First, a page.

Of the Young Men's Christian Association at Williamstown.
From Harvard five delegates were sent, each class being represented, while two were seniors.
President Carter delivered an address of welcome which was happily responded to and the convention was formally opened. Saturday morning the conference discussed the needs and possibilities of the work in preparatory schools with special reference to the help wich the colleges they feed might give them.
Rev. Samuel H. Lee presented the opportunities for college student work among the poorest classes of New York. Last summer about twenty college men were engaged for two months among these degrded people. They did great good, and in these two summer months led lives rich in experience. It is hoped that many more men may enter into this work next summer, supported, when possible, by the colleges whence they come.
Mr. Colley, the state secretary of Connecticut, gave an enthusiastic presentation of the work for young men in New England and its claims upon college men. Mr. S. M. Sayford pointed out the need of a more spiritual impulse in Christian work.
Saturday afternoon at 4.30, 3 Parlor Conferences were held; one on Bible Study at Chi Psi Lodge, another on Personal work at Delta Psi Lodge, and the third on Missions at Sigma Phi Place. More than thirty men were present at each of these conferences; the delegations from each institution being divided as evenly as possible among them. At these informal meetings the delegates fixed their attention on a single problem, and by exchanging thoughts and comparing experiences in regard to it, gained help in solving the peculiar phase of the problem as it appeared in their different institutions.
At seven o'clock Saturday evening, Dr. T. P. Sawin of Troy, N. Y., delivered the preparatory lecture, after which Mr. L. K. Morse of Harvard and Mr. Sayford spoke on the requisites for success in Christian work.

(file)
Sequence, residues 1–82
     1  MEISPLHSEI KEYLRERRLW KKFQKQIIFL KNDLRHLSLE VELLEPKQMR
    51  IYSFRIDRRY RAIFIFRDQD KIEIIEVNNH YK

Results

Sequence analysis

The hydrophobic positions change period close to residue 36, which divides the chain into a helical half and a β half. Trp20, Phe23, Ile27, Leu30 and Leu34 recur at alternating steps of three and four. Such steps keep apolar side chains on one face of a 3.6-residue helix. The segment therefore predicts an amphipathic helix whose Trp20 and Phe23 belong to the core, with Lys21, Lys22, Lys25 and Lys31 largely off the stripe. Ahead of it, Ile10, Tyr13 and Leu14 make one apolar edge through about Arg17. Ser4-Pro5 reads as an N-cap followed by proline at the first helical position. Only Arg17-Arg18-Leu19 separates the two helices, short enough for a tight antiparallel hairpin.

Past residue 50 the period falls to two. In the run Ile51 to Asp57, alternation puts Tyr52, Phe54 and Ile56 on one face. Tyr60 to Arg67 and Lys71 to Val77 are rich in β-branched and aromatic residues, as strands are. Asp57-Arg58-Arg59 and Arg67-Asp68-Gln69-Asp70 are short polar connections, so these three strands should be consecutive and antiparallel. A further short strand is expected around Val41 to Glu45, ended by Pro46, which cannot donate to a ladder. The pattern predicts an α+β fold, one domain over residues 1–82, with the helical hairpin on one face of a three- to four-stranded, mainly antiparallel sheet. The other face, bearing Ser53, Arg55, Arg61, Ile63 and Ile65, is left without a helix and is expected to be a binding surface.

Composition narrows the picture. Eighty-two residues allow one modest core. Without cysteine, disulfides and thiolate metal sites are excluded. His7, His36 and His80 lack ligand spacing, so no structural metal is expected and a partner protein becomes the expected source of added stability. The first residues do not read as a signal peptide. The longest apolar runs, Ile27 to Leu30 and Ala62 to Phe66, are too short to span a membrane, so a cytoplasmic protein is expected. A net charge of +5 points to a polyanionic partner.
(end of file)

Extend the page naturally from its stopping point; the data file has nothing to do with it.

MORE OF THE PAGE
Sunday morning at nine o'clock the delegates assembled in Alumni Hall at the Meeting for Personal Blessing, which is always one of the most helpful meetings of the conference.
The early part of Sunday afternoon the delegates spent with their hosts or with each other, talking over the meetings of the conference or their own work at home.
At four o'clock Mr. Sayford gave a very earnest and impressive address on some of the dangers and evil tendencies of college life. In the evening Mr. J. R. Mott, one of the college secretaries of the international committee, on the Possibilities of the Intercollegiate Young Men's Christian Associations showing the advantages of united work, and the great need of such work in foreign lands.
At the farewell meeting the delegates summed up the main points which were brought out during the conference, emphasizing those thoughts which had impressed them most, and which they would carry back as an inspiration for their various work. This was the focal point of the whole conference, in which the results were brought together and impressed upon the minds of the delegates.
To every one the conference was an inspiration, giving an idea of the largeness of the work, suggesting better means for carrying it on, and rousing a determination to do more active work in definite directions.